741 Periodontal Defect in Hypophosphatemic Rickets Mice Model

Friday, March 23, 2012: 10:45 a.m. - 12:15 p.m.
Presentation Type: Oral Session
R. LIU, T. LEI, M. DALLAS, A. STERN, and L. YE, University of Missouri -Kansas City, Kansas City, MO
Objective: We have previously reported the early periodontal breakdown in the autosomal recessive hypophosphatemic rickets mouse model- Dentin Matrix Protein 1 (Dmp1) null mouse and that there is an increased prevalence of periodontitis in hypophosphatemic rickets adult patients. In this study, we sought to determine the mechanism for the periodontal defect by comparing two hypophosphatemic rickets mouse models: the Dmp1 null mouse and the Hyp mouse, and also investigate if loading is responsible for the periodontal bone loss in those mice.

Method: 1) Dmp1 null mice and Hyp mice were compared at different stages, 3-week, 6-week, and 3-month by histology and Micro-CT; 2) mechanical properties of Dmp1 null and Hyp bone were studied by 3-point bending test; 3) soft diet was used to decrease the occlusal loading in an attempt to rescue the periodontal bone loss in Dmp1 null mice.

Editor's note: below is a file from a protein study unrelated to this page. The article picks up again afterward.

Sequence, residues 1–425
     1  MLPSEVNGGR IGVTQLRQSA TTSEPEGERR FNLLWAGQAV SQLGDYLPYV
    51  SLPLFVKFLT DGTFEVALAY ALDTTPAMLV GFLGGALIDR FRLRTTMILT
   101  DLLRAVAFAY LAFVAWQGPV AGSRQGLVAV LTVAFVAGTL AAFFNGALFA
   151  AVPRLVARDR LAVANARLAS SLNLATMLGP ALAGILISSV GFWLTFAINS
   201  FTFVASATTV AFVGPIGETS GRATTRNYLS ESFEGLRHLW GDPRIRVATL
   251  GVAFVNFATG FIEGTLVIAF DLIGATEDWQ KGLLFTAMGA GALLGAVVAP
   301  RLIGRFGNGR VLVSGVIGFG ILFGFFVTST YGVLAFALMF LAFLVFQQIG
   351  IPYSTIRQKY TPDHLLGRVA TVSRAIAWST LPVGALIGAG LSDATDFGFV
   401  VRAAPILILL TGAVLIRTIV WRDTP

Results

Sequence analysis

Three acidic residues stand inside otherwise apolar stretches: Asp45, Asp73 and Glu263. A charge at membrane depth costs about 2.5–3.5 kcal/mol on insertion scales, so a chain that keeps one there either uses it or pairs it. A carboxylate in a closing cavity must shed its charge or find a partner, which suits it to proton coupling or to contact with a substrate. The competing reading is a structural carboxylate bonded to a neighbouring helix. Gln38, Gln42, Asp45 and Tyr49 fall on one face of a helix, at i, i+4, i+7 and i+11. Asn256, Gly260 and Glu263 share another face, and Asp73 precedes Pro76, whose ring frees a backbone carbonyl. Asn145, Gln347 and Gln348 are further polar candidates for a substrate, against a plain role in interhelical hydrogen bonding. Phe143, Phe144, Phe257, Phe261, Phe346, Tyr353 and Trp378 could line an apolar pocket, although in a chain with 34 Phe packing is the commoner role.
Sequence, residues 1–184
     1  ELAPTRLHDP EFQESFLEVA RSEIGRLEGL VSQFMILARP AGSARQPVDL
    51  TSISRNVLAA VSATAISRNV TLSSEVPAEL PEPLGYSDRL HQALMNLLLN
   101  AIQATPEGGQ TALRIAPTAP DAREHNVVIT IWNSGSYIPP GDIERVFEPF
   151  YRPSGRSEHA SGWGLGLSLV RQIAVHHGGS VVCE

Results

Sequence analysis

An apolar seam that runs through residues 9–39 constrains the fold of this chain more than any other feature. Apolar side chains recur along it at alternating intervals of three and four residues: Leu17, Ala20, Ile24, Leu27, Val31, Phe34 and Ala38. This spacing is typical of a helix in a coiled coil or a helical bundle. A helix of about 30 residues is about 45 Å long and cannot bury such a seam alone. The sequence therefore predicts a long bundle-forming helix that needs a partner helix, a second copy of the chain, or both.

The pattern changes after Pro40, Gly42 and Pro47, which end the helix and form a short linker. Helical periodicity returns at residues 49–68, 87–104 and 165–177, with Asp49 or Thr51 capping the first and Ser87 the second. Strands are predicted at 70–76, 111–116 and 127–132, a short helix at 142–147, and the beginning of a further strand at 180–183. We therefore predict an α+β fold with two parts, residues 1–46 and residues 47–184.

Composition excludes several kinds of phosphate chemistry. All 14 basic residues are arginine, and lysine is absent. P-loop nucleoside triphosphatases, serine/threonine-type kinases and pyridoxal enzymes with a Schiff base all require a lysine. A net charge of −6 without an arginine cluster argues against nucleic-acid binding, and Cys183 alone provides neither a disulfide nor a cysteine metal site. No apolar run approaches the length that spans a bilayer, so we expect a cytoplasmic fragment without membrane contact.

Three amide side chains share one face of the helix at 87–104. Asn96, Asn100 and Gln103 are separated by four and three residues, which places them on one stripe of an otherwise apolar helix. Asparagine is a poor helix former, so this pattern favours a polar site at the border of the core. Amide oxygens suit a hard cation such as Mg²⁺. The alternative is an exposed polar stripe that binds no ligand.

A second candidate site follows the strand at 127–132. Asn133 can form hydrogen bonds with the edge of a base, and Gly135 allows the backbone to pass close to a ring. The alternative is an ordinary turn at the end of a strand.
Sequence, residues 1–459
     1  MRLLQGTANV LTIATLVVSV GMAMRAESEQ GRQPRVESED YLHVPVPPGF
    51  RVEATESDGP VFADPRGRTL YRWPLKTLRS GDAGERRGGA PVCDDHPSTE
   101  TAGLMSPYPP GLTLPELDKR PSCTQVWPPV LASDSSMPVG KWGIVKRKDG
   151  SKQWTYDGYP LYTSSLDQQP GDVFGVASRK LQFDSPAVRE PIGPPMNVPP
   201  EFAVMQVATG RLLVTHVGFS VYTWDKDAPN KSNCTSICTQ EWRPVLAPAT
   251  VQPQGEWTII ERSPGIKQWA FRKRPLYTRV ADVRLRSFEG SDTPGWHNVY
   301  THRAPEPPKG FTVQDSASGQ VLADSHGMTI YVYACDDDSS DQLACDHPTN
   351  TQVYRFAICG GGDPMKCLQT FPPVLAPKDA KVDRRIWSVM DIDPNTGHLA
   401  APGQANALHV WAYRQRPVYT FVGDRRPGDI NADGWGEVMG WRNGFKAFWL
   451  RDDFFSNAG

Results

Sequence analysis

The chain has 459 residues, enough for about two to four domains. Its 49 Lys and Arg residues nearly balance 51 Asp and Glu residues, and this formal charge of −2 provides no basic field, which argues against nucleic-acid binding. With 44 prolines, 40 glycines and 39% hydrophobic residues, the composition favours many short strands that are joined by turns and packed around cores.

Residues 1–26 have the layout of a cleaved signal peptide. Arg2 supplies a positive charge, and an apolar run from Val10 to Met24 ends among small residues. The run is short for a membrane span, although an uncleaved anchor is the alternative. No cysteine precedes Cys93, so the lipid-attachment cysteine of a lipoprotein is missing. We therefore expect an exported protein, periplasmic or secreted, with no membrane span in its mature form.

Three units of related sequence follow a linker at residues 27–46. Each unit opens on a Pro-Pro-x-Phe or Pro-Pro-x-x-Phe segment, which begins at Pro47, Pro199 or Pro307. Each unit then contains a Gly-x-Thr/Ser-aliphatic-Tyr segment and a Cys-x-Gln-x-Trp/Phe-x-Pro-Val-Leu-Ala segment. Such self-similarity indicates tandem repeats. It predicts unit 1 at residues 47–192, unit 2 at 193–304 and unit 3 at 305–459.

Result: Although Dmp1 null mice and Hyp mice share some similarities in their tooth and long bone phenotypes, much less periodontal bone loss was observed in Hyp mice. However, 3-point bending test showed similar Young’s modulus in Dmp1 null bone and Hyp bone, suggesting that occlusal loading would lead to increased bone strain in both mice, compared with the wildtype control.  Lastly, soft diet from 3-week to 6-week significantly decreased the periodontal bone loss in Dmp1 null mice, but didn’t fully rescue the phenotype.

Conclusion: Both local and systemic effects of deleting DMP1 may be responsible for the periodontal bone loss in Dmp1 null mice.

This abstract is based on research that was funded entirely or partially by an outside source: NIDCR DE016977

Keywords: Bone and Loading
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